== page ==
Vernon-Rockville in the Twentieth Century

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At the close of the nineteenth century, Vernon was a rural town of diversified farms with the small chartered city of Rockville, a booming textile-manufacturing center, at its heart. By the close of the twentieth century, the town had become a bedroom suburb within the expanded Hartford metropolitan region. During this time, the textile mills that had sustained Vernon's economy for over a century closed, farmland was subdivided for housing, and the automobile changed old patterns of working, shopping, and socializing. Vernon-Rockville in the Twentieth Century combines unique and previously unpublished images with detailed and compelling text in an informative history of Vernon and Rockville during the turbulent years of the twentieth century. Highlights include photographs of rural Vernon before suburban expansion, the devastation caused by the 1938 hurricane, Rockville before and after urban renewal, and the consolidation of the two separate rural and urban parts of the town into a more unified community with a very different economic base.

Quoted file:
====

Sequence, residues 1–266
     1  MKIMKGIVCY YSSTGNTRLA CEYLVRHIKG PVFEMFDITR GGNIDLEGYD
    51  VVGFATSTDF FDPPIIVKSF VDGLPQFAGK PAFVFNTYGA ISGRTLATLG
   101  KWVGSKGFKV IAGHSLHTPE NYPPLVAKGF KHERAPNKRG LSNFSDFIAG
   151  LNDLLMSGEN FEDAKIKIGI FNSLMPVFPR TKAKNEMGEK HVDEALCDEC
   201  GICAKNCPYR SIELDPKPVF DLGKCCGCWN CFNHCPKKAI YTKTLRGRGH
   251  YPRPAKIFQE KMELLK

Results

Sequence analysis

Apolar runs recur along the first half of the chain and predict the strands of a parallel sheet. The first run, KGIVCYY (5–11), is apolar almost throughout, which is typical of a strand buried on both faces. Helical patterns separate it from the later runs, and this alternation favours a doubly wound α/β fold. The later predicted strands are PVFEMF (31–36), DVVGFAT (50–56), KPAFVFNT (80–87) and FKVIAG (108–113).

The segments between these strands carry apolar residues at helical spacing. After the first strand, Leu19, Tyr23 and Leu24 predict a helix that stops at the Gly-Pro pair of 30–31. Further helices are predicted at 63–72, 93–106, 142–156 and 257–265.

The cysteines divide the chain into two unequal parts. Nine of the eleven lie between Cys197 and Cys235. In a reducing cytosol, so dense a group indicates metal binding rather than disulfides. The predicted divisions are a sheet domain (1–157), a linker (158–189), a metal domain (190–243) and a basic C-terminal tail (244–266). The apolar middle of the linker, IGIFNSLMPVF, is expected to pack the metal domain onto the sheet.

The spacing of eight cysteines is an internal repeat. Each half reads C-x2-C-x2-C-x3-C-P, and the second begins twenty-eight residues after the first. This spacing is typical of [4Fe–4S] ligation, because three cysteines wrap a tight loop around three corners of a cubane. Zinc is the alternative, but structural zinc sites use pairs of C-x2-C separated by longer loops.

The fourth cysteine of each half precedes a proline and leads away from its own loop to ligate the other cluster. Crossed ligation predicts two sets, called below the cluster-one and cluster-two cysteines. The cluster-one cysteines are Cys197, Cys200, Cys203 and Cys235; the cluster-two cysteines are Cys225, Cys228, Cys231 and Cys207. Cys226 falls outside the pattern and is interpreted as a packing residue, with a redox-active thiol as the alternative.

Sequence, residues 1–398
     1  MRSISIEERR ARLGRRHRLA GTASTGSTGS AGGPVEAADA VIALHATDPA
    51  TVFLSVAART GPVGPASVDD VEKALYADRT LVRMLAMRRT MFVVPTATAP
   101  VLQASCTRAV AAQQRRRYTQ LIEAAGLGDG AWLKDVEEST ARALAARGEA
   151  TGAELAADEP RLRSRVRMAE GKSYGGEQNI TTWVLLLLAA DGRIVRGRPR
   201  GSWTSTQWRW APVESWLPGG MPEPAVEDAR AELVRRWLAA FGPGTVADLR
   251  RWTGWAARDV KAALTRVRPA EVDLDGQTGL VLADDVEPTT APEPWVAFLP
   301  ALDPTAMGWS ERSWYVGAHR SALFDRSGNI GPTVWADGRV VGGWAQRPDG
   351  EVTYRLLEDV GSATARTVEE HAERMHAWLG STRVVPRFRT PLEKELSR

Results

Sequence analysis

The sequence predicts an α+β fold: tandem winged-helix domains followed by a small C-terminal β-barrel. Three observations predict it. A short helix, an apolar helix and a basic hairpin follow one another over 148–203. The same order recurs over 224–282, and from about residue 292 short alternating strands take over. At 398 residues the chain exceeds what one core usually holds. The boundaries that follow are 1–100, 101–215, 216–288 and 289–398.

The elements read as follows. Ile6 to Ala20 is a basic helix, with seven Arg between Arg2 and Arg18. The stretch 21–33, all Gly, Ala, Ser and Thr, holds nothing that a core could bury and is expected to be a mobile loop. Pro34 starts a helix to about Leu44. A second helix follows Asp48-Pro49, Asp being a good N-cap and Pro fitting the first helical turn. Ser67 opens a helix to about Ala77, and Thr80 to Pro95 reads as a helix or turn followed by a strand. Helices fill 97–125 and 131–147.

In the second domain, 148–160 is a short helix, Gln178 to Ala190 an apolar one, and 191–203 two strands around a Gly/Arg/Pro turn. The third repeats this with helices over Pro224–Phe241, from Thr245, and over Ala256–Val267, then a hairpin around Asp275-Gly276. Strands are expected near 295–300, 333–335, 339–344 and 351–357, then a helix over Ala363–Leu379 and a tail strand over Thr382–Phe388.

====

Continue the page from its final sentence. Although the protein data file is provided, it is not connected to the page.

ISBN: 9780738511085
Format: Paperback
Publisher: Arcadia Publishing
State: Connecticut
Series: Images of America
Images: 200
Pages: 128
Dimensions: 6.5 (w) x 9.25 (h)
Dr. S. Ardis Abbott is municipal historian for Vernon and museum director for the Vernon Historical Society. She wrote her doctoral dissertation on the woolen textile industry in Rockville. Reference librarian Jean A. Luddy is a high school media specialist, past president of the Vernon Historical Society, and current chairman of the Education Committee. The authors have previously collaborated on the publication of Vernon and Historic Rockville, a pictorial history of these two separate communities in the nineteenth and early twentieth centuries.
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